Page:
3. 3. Financial analysis for a solar thermal technology Project cost for a solar thermal would be anywhere between Rs 23 - 25 crore for a 1MW plant. Due to the high gestation period it is always recommended installing the project in Phases. Most developers prefer parabolic dish technology as it has many advantages in terms of efficiency, operation and maintenance cost of the project. Moreover, the technology can be implemented in the remotest areas (including deserts) with no requirement of water or power to operate the sterling engines and requires very less amount of water for cleaning the systems.The land requirement for a solar thermal in India is around 1 – 2 hectares for a 1 MW plant. It is also mandatory for PVsolar developer to hold 1hectare of land for every 1 MW of solar power he generates this is as per the guidelines ofNVVN. The annual operation and maintenance cost of a typical thermal plant is around Rs 3 – 3.5 lakhs with an escalationof 5-6 % every year. The depreciation of the plant may vary from 5% to 6% for first 10 years and 2% from 11 th yearonwards. The capital structure for the thermal solar project is in the ratio of 70:30. The debt structure is mostly financedthrough project financing or rupee term loans (RTL), the debt equity structure may vary by 5% - 10% based on theinvestor’s portfolio. The tariff for thermal solar projects may vary state to state. A tariff of Rs 18 with breakup of stategrids and subsidies from CERC is more realistic. The maximum subsidy will not be more than Rs 12. The total annualpower generation of the plant is considered at 2.13 million Kwh annually. The efficiency of the plant will vary based onthe technology deployed in the plant and supplier of the equipments. Most developers consider efficiency at 90% for the1st 10 years and 80% for the remaining life of the plant. The efficiency of a PV solar plant is anywhere between 22%- 24%.Most solar projects would consider two sources of revenue: revenues from the sale of power, and CDM benefits availedper year. From taxation angle, solar PV project are exempt under section 80 IA of income tax act. The tax rate consideredis 33.66%. The rate considered for MAT (i.e. minimum alternate tax) is 11.33%.From project finance perspective, following ratios are useful to evaluate the viability of the solar power projects.Average Debt service coverage ratio (ADSCR): is a good measure to estimate the available cash flows during a particularperiod to services the debt obligation during the given period. An ideal ADSCR is 2x the cash flows.Loan life coverage ratio (LLCR): measures the cash flows available during the loan period that can service the outstandingdebt obligations. Higher the ratio is better.Project life coverage ratio (PLCR): measures the cash flows available during the life of the project that can service theoutstanding debt obligations. For lenders this is a useful measure, higher the ratio better it is.Financial attractiveness: Investor perspectiveThe solar power project from the investors point is an attractive investment. The projects are well balanced with goodincentives offered by CERC and state incentives. The Investment yield in the solar projects has been typically good withan average IRR of 14% to 16% for the equity holders and project IRR of 20% making it viable for power companies andstrategic investors to take the risk and invest in such green projects that can solve the future energy crises that India hasbeen facing. The cost of solar projects are expected to decrease over the years and this would eventually make solarprojects cost in par with coal by 2020 and this can help India increase their share in the solar energy and solve majorenergy crises. DSCR in the case of the solar PV in the initial years are low as the cash flow streams gain momentum fromthe 2nd year onwards. DSCR for solar a thermal project initial has been low DSCR mainly due to high cost ofinvestments/high initial cash out flows in comparison with PV solar. In the case of PV solar the PLCR is considerable good.In the initial stages of the project the PLCR is at 1.49 times the cash flows and increases up to 16.80 times the cash flows.The availability of cash to services the debt over the life of the project is quite encouraging. 2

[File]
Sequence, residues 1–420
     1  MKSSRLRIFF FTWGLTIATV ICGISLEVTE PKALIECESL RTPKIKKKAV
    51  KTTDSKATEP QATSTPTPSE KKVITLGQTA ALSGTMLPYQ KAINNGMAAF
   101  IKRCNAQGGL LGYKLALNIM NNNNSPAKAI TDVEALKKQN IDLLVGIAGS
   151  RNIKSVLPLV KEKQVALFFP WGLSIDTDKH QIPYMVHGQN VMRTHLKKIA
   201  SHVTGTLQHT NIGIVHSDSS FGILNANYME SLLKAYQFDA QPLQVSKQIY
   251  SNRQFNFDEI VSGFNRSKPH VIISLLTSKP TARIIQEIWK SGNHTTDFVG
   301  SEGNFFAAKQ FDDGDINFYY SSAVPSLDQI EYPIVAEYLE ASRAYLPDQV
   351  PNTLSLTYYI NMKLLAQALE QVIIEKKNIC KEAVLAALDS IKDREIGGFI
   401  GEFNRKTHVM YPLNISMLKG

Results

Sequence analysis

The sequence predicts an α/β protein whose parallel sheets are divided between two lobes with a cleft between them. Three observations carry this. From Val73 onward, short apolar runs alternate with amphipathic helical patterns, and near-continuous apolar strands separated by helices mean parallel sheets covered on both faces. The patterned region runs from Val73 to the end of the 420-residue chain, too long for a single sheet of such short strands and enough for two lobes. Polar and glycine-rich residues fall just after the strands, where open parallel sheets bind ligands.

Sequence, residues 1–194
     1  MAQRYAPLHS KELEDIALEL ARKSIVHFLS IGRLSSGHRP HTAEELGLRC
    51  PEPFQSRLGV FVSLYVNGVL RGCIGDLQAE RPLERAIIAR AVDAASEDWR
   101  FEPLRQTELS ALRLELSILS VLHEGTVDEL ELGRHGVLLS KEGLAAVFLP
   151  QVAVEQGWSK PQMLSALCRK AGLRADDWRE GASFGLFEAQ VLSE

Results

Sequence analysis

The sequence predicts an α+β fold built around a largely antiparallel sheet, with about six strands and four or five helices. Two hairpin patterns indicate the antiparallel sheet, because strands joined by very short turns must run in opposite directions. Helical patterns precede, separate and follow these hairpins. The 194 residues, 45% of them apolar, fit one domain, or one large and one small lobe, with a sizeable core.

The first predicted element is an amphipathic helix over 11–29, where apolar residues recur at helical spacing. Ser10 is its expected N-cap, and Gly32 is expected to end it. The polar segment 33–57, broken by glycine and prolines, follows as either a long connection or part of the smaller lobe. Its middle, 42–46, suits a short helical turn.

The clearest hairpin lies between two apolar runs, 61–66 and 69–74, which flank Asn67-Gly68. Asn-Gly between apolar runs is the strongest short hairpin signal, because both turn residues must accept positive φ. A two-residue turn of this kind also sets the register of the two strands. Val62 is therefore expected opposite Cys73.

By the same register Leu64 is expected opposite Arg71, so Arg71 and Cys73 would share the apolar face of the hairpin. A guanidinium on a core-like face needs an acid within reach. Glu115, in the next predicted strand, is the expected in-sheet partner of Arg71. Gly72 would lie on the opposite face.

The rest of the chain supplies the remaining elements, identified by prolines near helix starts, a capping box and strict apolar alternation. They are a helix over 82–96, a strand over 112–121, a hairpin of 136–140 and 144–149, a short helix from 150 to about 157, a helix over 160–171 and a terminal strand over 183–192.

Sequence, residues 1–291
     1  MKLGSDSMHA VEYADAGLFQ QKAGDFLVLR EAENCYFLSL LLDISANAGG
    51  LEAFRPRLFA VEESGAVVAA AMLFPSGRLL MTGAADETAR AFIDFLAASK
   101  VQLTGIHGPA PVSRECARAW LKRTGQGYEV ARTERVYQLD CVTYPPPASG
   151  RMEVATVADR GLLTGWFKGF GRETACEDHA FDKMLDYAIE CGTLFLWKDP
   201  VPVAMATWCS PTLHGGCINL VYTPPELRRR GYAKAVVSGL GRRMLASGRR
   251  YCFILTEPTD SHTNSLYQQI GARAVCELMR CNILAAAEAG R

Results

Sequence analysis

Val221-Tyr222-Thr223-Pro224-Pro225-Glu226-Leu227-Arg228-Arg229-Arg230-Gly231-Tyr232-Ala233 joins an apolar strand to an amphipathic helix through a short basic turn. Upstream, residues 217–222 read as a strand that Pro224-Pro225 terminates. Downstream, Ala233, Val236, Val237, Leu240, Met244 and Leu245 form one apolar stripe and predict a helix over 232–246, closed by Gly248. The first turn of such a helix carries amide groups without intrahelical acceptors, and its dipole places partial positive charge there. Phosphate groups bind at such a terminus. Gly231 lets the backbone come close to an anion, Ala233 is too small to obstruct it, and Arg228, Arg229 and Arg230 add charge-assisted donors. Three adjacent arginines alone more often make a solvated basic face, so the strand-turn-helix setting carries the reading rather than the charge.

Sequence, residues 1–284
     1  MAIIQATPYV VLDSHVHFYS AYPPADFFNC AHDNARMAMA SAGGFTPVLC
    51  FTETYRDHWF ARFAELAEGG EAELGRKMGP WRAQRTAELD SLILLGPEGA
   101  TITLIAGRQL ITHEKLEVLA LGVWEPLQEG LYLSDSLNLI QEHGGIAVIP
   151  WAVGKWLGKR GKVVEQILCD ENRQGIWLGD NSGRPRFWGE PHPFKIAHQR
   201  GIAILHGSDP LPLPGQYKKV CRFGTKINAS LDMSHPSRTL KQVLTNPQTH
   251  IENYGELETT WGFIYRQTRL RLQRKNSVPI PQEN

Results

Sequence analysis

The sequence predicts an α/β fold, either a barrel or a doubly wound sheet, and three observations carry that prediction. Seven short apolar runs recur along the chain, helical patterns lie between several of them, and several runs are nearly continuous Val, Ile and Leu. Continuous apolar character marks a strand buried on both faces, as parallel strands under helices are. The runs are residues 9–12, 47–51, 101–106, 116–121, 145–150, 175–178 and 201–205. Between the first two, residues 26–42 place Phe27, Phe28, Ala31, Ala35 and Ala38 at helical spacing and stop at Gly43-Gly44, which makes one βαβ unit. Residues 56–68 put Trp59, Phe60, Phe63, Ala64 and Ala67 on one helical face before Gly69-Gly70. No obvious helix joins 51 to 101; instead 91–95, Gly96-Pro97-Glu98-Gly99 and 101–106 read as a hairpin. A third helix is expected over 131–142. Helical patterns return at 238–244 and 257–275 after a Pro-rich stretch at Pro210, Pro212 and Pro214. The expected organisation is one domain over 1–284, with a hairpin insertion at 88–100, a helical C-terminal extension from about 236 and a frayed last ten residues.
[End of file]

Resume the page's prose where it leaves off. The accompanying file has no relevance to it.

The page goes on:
4. 4. From the lenders perspective the PLCR is an ideal curve and the project looks optimistic for the bankers to lend credit for solar PV project. The PLCR in the case of the thermal project is good with initial services ratio being at 1.41 times and then increases to 16.22 times during the termination of the debt repayment. The project is viable with enough buffers liquid cash flows to services the outstanding debt. PLCR of thermal in comparison with PV solar is low mainly due to high project cost. Solar thermal would be better off when operated at larger scales as the efficiency levels in the project are high in comparison to PV solar technology.Sponsor (Investee): The solar project from the point of investee’s is a good investment in the on grid based business model which gives agood sustained cash flow to serve the equity investors as well as the debt obligations. An investee looking forinvestment s in solar can get an average ROE of 14% considering an investment period of 8-10 years in the solarproject. The solar project model is completely different when it is up and running where the running cost of the projectis very low and this provides good cash buffer for the investee to get a good ROE. From an investee’s perspective asolar project is good strategic investment from the 10th year onwards where the cash flows to serve equity is high withless burden of debt. The LLCR in the case of the solar PV project is fairly positioned at 1.05 times the cash flows at theinitial start of the projects. As the project progress the cash flows considerable increases and in return increases theavailability buffer liquid cash for servicing debt. The LLCR notches almost 2 times the outstanding debt during the lastrepayment. The LLCR in comparison to solar thermal project looks better mainly due to high initial capital investments.The LLCR in the case of the thermal project is initially low in comparison to PV solar as the cash flows are initially lowdue to high cash out flow / high capital investments which have made LLCR slightly lower than the PV solar LLCR. In thecase of the project the LLCR is fair the initial LLCR has been equal (1 time) to service the debt obligations. As the projectprogress the LLCR increases with high cash inflows and lower debt obligations to service. LLCR of the thermal project isalmost on par with solar PV project during the closure of the loan obligations. The LLCR stands at 1.73 timescompletion of the loan period. The LLCR curve looks ideal from a lenders perspective. The LLCR curve gives a viableoutlook for the project and lenders can easily come forward in lending such projects. Table 1: Key ratio of Solar PV and Solar Thermal 1 Mw Plants in India Ratios - PV solar Year - 1 Year - 2 Year - 3 Year - 4 Year - 5 Year - 6 Year - 7 Year - 8 Year - 9 Year -10 DSCR 0.97 1.02 1.08 1.14 1.21 1.30 1.40 1.51 1.66 1.83 LLCR 1.17 1.30 1.34 1.40 1.45 1.51 1.58 1.66 1.74 1.83 PLCR 1.37 2.42 2.66 2.96 3.37 3.92 4.75 6.11 8.79 16.80 Ratios - solar Year - 1 Year - 2 Year - 3 Year - 4 Year - 5 Year - 6 Year - 7 Year - 8 Year - 9 Year -10 thermal DSCR 1.00 1.04 1.09 1.15 1.21 1.28 1.37 1.46 1.58 1.73 LLCR 1.18 1.28 1.32 1.36 1.41 1.46 1.52 1.58 1.65 1.73 PLCR 1.41 2.39 2.62 2.92 3.30 3.84 4.63 5.93 8.52 16.22ConclusionDevelopers of the solar power projects can pursue different business models based on the scarcity of power in thatparticular region. Such models can go up to the extent of usage based billing to the end consumers. While on-gridgeneration and NVVN distribution model is the most prominent one, we expect developers to explore others blendssoon. From an investors perspective solar energy is moderately risk borne with initial heavy capital investments in plantand thereafter when the plant is up and running it generates enough cash flows to serve the investors and the lenders.From an investors perspective the solar projects are attractive. In conclusion, investments in solar energy are financiallyviable and attractive for both institutional lenders such as banks, etc and investors.Browne & Mohan insight are general in nature and does not represent any specific individuals or entities. Browne & Mohan 2010. All rights reservedWhile all efforts are made to ensure the information and status of entities in the insights is accurate, there Printed in Indiacan be no guarantee for freshness of information. Browne & Mohan insights are for information andknowledge update purpose only. Information contained in the report has been obtained from sourcesdeemed reliable and no representation is made as to the accuracy thereof. Neither Browne & Mohan norits affiliates, officers, directors, employees, owners, representatives nor any of its data or contentproviders shall be liable for any errors or for any actions taken in reliance thereon. 3